University of California Los Angeles Coolies and Modern Japan Discussion

User Generated

fvlnbuhnat

Humanities

University Of California Los Angeles

Description

You should improve and expand your argument, augmenting it with additional support from the readings, including other relevant class texts. Do not use sources outside of the class readings and lectures.(typed, double-spaced, 12 point font)

the prompt of the paper is: Imagine you're a "coolie" (as described in Driscoll's piece) and you just read Soseki's piece above. Write a response to it from your perspective as a "coolie." Hint: what is the official view of "coolie" culture?

here is the one need to be revised:

I find your exploration of modern Japanese civilization to be rather sympathetic, as I can see some of my own life experiences mirrored in your words. I do not think that you notice the same parallels that I do, though, so I wanted to send you my thoughts on the matter. First, I would like to assure you that I sympathize with your appreciations of the East-West collision. You say that, since contact with the West was established, Japan has been pushed into a motion it cannot escape, leaving it no choice but to “continue twisting and turning” (Soseki, p.318). The influences of external forces on your lives, forcing you to take ten steps at a time rather than just one (Soseki, p.319) is surely unenviable position, but it is not one that is unique to Japan. Nor is it a situation that disembogues only when the West bursts into your home, demanding that you accommodate their requests. On the contrary, Mr. Soseki, I am sure you that you can find in Manchuria a trend.

The Japanese arrived to our land, declared that it belonged to it by virtue of Conquest — a war won with Russia that somehow resulted in Chinese land being ceded to a rival empire — and accelerated into movement by a force external to us. You state, in various occasions, that Japanese civilization has been “externally motivated” (Soseki, p.319), but it has also been an “external motivator”. As Japanese economic interests in China grew more lucrative, your empire began to sediment a colonial outpost in the region that resulted in the devaluing of Chinese laborers. Through external forces, we were categorized in a variety of ways. Our culture was stripped from us, reduced to nothing but a brute laborer with no interests but “card games and weekly visits to the nearest opium den” (Driscoll, p.48). We were given jobs that, though they allowed us a chance to make a living for our survival, would not have been given to others who were deemed, unlike us, humans with a need for a balance between work and life. Though we generate great value —through our work the industrial advancements that make life cozier for some are possible — we are not compensated properly. No, for the “coolies”, those of us adopted into Japan’s own Imperialist ambitions, such concessions cannot be granted. We are not, after all, like the Japanese. We have no concern for a work and life balance, we have no concerns for the exploration of culture, we have no time to resolve the question of “life or death” or that of “life or life” that you explore in your essay (Soseki, p. 317). We have nothing to do but work.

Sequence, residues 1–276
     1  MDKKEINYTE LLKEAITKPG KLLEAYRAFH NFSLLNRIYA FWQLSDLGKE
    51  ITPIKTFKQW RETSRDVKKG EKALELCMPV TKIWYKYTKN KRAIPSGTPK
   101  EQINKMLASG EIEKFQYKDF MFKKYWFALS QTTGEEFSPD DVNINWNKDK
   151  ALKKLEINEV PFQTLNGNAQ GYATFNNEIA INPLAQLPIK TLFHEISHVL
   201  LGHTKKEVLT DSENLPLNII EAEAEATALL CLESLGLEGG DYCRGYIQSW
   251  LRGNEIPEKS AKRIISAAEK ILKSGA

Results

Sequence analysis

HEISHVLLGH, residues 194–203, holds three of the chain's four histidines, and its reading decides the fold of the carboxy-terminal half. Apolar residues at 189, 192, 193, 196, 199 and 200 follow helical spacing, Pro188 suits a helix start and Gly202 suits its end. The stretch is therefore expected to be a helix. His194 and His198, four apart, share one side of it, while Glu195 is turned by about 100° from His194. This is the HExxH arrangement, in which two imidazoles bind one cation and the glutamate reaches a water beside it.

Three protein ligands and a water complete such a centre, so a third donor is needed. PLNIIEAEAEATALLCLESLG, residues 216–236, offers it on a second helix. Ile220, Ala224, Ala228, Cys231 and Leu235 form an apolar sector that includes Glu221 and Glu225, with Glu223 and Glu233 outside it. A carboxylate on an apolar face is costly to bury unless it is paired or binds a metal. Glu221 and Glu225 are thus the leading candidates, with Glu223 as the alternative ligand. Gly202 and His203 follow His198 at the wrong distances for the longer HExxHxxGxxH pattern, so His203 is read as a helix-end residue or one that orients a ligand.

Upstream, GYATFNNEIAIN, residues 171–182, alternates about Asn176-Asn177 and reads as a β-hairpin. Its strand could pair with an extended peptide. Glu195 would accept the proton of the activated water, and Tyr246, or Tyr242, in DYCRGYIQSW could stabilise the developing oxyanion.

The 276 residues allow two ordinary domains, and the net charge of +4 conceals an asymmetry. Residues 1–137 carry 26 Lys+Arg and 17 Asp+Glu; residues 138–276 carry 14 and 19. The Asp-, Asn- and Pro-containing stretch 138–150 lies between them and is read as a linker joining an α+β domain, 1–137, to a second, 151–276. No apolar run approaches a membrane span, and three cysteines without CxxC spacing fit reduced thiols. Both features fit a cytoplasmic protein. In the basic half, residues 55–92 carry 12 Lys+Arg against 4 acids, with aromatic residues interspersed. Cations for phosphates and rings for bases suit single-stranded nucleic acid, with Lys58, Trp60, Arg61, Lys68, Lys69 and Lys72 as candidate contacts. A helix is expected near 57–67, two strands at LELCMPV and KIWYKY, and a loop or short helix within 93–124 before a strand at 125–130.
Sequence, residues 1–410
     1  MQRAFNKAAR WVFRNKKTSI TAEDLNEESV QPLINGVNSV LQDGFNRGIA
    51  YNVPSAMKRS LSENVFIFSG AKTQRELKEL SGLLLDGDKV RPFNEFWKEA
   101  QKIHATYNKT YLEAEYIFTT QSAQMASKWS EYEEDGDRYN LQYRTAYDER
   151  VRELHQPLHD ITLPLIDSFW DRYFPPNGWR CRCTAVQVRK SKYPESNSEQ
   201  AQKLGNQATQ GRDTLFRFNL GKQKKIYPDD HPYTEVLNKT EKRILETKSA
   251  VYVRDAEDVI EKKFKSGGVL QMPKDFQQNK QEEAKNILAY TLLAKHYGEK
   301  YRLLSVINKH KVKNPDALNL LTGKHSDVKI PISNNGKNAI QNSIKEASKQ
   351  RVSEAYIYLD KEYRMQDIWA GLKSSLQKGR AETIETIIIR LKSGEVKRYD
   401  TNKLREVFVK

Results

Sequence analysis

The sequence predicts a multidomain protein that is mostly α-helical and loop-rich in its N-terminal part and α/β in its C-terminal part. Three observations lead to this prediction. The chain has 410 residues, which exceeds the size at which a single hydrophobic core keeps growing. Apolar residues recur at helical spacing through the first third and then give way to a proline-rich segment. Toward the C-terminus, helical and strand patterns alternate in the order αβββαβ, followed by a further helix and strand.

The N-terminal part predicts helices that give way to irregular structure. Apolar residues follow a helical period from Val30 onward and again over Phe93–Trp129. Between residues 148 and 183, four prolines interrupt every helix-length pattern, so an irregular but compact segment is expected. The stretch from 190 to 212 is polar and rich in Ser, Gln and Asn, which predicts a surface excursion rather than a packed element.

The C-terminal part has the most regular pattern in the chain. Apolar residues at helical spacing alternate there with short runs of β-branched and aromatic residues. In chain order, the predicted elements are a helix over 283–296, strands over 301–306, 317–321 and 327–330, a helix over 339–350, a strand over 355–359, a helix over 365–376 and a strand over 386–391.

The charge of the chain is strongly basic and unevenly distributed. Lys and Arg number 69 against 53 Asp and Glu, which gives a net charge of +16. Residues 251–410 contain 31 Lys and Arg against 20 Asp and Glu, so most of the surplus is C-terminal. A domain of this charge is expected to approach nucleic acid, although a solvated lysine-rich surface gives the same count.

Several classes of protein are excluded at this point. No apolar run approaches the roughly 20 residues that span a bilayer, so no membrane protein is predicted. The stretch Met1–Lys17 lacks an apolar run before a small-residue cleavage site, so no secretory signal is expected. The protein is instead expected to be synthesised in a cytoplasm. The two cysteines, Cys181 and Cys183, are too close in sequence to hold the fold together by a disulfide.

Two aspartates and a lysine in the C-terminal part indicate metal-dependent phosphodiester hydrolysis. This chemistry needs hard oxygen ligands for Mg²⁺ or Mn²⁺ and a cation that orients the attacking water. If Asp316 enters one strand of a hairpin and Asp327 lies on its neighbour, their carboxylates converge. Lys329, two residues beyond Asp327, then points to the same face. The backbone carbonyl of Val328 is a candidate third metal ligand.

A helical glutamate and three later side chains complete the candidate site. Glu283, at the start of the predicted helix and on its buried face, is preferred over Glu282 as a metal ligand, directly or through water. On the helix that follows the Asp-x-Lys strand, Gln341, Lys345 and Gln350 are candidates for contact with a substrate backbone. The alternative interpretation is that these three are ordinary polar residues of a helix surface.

You mention that, as technology changes, the amount of labor that one must do will change. The person who works the field and the person who drives an automobile for wages, they all put in different amounts of effort (Soseki, p.317). You do not mention, though, that this is not the case for Coolies. We have no choice but to put in much more labor, much more effort, than other laborers. We do not get the privilege of letting technology ease our labor, though our labor eases the spread of these technological processes. We are the workers slugging through the fields, while the Japanese can enjoy the ease of just driving the vehicle. But you do not mention this. You create a separation between you and the West, placing the latter as the force that has pushed you around. A similar dynamic exists here, though. We are pushed around by the Japanese interests in our area. We are your colonial project, the manifestation of your own Imperialist ambitions. For the “coolies”, Japan is our West, our external motivator, our domineering boss.